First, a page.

Yet I cannot recommend this book. It lacks a narrative. Character alone, especially people who are everymen looking down on everymen lives will not turn the pages after you've established your characters. So I disagree with Alsup's argument that Sag Harbor is not gripping literature because of the coolness of his characters, but instead because the book is devoid of a compelling enough plot given the ordinariness and cool detachment of his characters. Whitehead could be one of America's greatest novelists, but first he needs to learn and incorporate a plot to drive his story. This could be why critics love him yet the public has not yet latched on to his work.


Lost Paradise: From Mutiny on the Bounty to a Modern-Day Legacy of Sexual Mayhem, the Dark Secrets of Pitcairn Island Revealed
Lost Paradise: From Mutiny on the Bounty to a Modern-Day Legacy of Sexual Mayhem, the Dark Secrets of Pitcairn Island Revealed
by Kathy Marks
Edition: Hardcover
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10 of 11 people found the following review helpful
3.0 out of 5 stars Great tale though too redundant and narrow in scope, March 2, 2009
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Remote islands are fascinating case studies given that the evolution of species and culture are not nearly as affected by the diversity of nearby populations since there are relatively none. This can often lead to an accelerated rate of evolution of an island's given population with startling results. With Lost Paradise, the subject is how the transplanted group of Bounty mutineer men who kidnapped some Tahitian women were able to create a sustainable society along with the mutations that followed from what advanced or even many primitive civilizations would define as evil.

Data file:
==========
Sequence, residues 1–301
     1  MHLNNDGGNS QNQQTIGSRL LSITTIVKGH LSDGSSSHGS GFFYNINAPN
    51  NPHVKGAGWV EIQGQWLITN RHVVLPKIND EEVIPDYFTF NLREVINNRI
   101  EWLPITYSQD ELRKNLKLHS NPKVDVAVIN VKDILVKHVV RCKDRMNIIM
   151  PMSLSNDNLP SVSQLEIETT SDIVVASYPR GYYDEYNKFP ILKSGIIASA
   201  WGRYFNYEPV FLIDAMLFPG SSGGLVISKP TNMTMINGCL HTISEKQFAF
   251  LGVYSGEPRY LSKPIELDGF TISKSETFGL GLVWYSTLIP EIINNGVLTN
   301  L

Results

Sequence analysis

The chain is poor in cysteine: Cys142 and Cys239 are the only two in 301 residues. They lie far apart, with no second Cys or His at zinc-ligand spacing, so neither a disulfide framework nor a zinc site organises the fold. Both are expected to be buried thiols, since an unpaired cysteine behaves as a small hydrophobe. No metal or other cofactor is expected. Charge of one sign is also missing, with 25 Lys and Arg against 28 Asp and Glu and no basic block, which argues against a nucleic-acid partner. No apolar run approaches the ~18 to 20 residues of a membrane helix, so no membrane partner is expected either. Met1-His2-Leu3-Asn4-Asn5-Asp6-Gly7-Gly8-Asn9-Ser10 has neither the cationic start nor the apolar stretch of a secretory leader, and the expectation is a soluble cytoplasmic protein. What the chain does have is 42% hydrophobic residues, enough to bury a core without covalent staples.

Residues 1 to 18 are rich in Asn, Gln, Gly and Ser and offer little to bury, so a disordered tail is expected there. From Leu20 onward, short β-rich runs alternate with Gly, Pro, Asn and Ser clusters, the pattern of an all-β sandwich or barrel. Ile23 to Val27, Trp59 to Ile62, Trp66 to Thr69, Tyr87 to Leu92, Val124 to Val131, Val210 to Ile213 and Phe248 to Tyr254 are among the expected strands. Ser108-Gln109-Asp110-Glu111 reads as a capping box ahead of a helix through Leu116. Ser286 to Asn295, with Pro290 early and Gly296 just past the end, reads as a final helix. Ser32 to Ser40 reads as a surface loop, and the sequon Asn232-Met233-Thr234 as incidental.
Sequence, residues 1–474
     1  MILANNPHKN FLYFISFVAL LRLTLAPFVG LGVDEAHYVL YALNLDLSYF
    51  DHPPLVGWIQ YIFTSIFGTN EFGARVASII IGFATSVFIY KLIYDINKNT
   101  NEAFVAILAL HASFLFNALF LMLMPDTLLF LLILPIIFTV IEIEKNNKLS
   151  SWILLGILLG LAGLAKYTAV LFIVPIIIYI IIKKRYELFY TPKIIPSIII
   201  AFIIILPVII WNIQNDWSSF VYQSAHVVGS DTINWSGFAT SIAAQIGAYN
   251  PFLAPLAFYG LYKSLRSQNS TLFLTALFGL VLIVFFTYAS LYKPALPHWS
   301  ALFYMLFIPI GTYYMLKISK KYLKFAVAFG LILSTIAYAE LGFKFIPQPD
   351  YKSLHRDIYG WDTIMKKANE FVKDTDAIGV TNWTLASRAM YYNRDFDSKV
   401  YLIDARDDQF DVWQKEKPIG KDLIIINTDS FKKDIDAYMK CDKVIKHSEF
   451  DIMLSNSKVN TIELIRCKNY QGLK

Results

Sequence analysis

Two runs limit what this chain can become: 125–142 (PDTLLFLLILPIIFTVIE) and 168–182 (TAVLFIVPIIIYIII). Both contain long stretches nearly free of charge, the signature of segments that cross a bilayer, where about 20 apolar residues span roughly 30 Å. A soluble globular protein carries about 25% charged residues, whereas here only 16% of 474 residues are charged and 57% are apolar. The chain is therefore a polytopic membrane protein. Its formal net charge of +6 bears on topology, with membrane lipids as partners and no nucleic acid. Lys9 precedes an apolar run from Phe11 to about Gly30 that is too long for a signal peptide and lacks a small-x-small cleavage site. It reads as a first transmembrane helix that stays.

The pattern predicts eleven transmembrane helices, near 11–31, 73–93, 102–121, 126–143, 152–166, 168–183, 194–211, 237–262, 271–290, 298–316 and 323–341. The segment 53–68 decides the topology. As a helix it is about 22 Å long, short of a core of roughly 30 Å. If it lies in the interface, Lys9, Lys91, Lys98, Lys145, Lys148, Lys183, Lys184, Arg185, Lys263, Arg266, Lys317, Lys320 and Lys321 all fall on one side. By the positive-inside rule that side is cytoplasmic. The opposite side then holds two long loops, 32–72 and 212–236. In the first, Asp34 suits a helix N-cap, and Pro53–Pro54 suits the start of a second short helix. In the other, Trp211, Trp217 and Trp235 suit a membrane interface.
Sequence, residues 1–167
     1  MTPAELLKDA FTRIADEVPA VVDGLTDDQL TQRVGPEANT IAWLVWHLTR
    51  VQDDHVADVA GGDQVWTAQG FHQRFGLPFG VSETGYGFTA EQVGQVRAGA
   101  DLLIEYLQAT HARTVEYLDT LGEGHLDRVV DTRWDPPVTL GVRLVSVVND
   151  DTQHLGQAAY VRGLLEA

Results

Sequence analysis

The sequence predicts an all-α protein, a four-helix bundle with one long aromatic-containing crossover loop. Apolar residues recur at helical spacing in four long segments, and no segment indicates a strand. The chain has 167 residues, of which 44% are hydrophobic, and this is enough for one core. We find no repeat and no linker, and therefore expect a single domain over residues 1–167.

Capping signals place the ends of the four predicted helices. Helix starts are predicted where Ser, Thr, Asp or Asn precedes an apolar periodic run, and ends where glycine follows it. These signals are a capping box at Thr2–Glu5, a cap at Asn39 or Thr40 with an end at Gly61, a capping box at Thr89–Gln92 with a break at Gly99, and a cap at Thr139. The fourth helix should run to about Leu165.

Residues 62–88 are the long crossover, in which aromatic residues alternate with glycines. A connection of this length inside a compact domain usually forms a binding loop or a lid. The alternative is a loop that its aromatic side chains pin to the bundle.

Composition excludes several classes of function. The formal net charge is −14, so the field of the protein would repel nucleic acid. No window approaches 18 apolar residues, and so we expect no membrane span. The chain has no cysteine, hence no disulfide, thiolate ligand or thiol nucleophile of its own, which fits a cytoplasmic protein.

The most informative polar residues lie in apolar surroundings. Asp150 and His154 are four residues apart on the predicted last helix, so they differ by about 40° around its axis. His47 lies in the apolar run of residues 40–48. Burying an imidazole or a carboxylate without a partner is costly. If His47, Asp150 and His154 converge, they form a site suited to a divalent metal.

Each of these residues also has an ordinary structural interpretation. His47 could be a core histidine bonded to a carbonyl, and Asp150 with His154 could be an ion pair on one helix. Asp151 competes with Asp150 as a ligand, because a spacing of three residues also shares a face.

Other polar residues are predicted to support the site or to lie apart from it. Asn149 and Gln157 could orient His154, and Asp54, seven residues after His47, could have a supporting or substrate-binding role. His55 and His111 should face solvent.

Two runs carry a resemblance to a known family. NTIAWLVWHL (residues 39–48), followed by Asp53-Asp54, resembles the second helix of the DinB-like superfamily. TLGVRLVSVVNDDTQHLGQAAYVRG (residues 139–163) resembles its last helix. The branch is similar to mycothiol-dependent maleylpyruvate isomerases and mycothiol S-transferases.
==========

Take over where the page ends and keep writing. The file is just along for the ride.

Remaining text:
Kathy Marks has plenty of extraordinarily horrendous material to work with as she describes a society of mutinous kidnappers whose present day progeny end up sexually abusing other families' daughters while turning a blind eye to the abuse of their children. Mark's describes the descent into an extreme form of patriarchy based on the conditions and violence experienced when the Island was first settled. Marks also does a great job of insuring we are able to understand this horror without gratuitous descriptions of the acts. All in an environment that on the surface currently appears to be not much different than other small, culturally British societies that are not as isolated.

Mark's background as a working journalist and the standards for intellectual honesty used here are convincing, much to the dismay of the supporters of this patriarchal society that would prefer the world was not aware of the horrors their women were forced to undergo as a de facto rite of passage. In fact one of the most fascinating perspectives of this story is that most Pitcairners perceive the abusers as the victims, not their wives, sisters, or daughters, who are frequently perceived as traitors.

While I recommend the book given the story and stock I place in Marks' integrity to accurately convey the story, the book itself has two major flaws that limit its impact (due to readability) and narrowness of the perspective.

Marks is excruciatingly thorough in reporting the tale of many of the victims who are still alive in terms of who did what to whom, including those who've since moved away from Pitcairn Island. I would say to the point of stale repitition. This is especially evident after the trial verdicts where Marks spends dozens of pages piling on accounts of abuse in spite of the fact I believe she's already provided ample accounts leading up to the trial verdicts. These dozens of pages could have been easily cut with no loss of perspective.